On this page we will get to know the basic swimming strokes that are currently taught in swimming classes. We will also learn about the advantages and shortcomings of each swim stroke.

Breaststroke

The breaststroke is often the first of the basic swimming strokes taught to beginners. The modern breaststroke kick is in fact a whip kick. The arms stroke phases include a recovery forward, an outsweep, an insweep where the hands meet below the chest, and again the recovery. All arm and leg movements occur below or at the water surface.

Young girl with fish-like pink swim cap doing breaststroke

Breaststroke is one of the first swim strokes taught to beginners

One of the advantages of the breaststroke is that at a basic
level, the head can always stay above water. This gives excellent
visibility while swimming and avoids breathing issues.

Another
advantage is that both arms and both legs execute the same motion
synchronously, which makes this swim stroke one of the easier
ones to learn.

The main shortcoming of the breaststroke is that it’s slower and
less efficient than the other strokes.


Backstroke

Backstroke is often the next stroke taught to swimmers. As its name suggests, it is swum on the back. The backstroke kick is a kind of flutter kick, which means that the legs alternatively kick up and
down.

The arms execute kind of an alternate
windmill-like motion. The straight arm recovers above the water in a
circular motion from the hip to an extended to the front position, then
catches and pulls under the water from the extended front
position back to the hip.

The advantage of the backstroke is that as it is swum on the
back, breathing issues are avoided once the swimmer has good
balance
. It is also more efficient than breaststroke and can
be swum for long distances. As it gives the back an excellent workout,
it is also often advised as a remedy against back problems.

The backstroke has also its shortcomings. It is slower than
freestyle or butterfly. For novice swimmers, it can be difficult to
find balance on the back and then breathing becomes an issue as the
nose is up and water can easily enter the nose. Finally, it can be
uncomfortable for beginners to not being able to see in which direction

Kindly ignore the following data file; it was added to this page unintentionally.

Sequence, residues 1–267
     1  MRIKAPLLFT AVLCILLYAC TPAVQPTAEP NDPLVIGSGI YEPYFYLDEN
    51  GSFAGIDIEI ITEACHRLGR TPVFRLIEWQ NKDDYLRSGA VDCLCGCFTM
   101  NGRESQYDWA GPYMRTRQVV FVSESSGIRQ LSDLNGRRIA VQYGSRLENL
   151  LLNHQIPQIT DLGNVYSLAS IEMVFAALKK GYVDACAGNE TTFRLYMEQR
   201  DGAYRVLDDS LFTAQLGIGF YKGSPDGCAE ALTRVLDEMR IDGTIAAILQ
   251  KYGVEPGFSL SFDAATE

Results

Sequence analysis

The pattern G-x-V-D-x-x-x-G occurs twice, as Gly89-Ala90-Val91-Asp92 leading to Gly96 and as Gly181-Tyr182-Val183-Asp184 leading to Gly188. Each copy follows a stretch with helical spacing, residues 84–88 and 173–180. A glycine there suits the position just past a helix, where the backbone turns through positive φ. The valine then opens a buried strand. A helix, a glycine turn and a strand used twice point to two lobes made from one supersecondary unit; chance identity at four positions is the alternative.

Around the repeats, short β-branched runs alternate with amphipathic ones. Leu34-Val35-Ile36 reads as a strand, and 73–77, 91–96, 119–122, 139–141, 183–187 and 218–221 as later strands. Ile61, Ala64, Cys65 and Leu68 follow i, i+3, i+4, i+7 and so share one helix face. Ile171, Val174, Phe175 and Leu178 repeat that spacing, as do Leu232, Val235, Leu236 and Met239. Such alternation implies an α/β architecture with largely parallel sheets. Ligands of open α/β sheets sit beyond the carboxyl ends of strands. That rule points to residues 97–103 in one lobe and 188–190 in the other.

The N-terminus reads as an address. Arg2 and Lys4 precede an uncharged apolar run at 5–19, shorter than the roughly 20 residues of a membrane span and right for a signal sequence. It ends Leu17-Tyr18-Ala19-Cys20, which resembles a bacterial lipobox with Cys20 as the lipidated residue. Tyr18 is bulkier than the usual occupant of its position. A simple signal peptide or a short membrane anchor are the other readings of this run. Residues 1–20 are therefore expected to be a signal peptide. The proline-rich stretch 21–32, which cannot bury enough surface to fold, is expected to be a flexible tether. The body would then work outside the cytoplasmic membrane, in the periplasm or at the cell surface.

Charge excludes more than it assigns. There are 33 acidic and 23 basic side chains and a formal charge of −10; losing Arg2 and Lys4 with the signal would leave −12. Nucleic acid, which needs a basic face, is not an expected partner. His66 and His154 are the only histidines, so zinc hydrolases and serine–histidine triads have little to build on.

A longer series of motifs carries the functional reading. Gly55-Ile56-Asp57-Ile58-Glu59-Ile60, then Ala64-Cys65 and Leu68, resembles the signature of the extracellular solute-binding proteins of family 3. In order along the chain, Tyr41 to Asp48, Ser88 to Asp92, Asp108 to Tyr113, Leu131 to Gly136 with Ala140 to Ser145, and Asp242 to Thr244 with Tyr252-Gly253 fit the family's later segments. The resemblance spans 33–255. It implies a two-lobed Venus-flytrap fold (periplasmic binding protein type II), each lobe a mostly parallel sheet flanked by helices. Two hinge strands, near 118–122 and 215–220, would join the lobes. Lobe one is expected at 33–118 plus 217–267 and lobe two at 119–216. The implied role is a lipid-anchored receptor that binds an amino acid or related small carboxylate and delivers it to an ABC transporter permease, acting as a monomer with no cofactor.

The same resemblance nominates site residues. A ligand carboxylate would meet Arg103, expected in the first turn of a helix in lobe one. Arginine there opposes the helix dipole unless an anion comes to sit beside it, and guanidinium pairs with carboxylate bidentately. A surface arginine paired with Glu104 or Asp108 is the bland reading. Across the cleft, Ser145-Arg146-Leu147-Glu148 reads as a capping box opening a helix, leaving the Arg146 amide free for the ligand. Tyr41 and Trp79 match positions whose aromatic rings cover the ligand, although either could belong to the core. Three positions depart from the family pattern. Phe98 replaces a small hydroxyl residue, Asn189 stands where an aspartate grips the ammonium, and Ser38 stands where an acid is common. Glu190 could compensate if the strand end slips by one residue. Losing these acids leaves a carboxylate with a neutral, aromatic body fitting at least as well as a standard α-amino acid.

they are swimming.

The Freestyle Stroke

The freestyle
stroke
is swum flat on the stomach. The feet execute
the same kind of flutter
kick
like in the backstroke. The arms execute an alternate
motion where they recover from the hip to the front above the water,
then catch and pull back to the hip under the
swimmer’s body in the water.

The advantage of the freestyle stroke is that it’s the fastest
and also most efficient swim stroke. The fastest event in a swimming
competition is always the freestyle. And distance swimmers nearly
always use the freestyle as it allows to cover long distances
while wasting the least amount of energy.

The difficulty of freestyle is that as the face is submerged
and turned towards the bottom of the pool, it must be rotated to the side
at the right moment to allow for breathing. The coordination of
breathing and swimming in the freestyle
stroke makes it one of the more difficult swim strokes to master.

The Butterfly Stroke

The butterfly
stroke
is both the most beautiful and most
difficult of the basic swimming strokes. The body executes a wave-like undulation which
starts in the arms and head, travels down the body and ends in the legs
and feet which snap like whips.

The
arms execute a motion like
that of the freestyle, only that both arms move synchronously. From
an extended to the front position, they pull back under the
swimmer’s body
to the hips, then are thrust sideways out of the water and recover to
the front above the water in a quick circular ballistic motion.

The advantage of the butterfly is that it is also very fast,
faster than breaststroke and backstroke but slower than freestyle. It
is also a stroke that is a lot of fun because of it’s unique
dolphin-like body undulation.

However, the butterfly stroke is quickly tiring as it
requires a lot of strength. It is also difficult to learn as it
requires both an excellent wave-like body undulation and perfect timing
for the arm recovery to occur.

Conclusion

We have discussed the advantages and shortcomings of
the basic swimming strokes. You could now start to learn how to swim
these strokes. Have fun!

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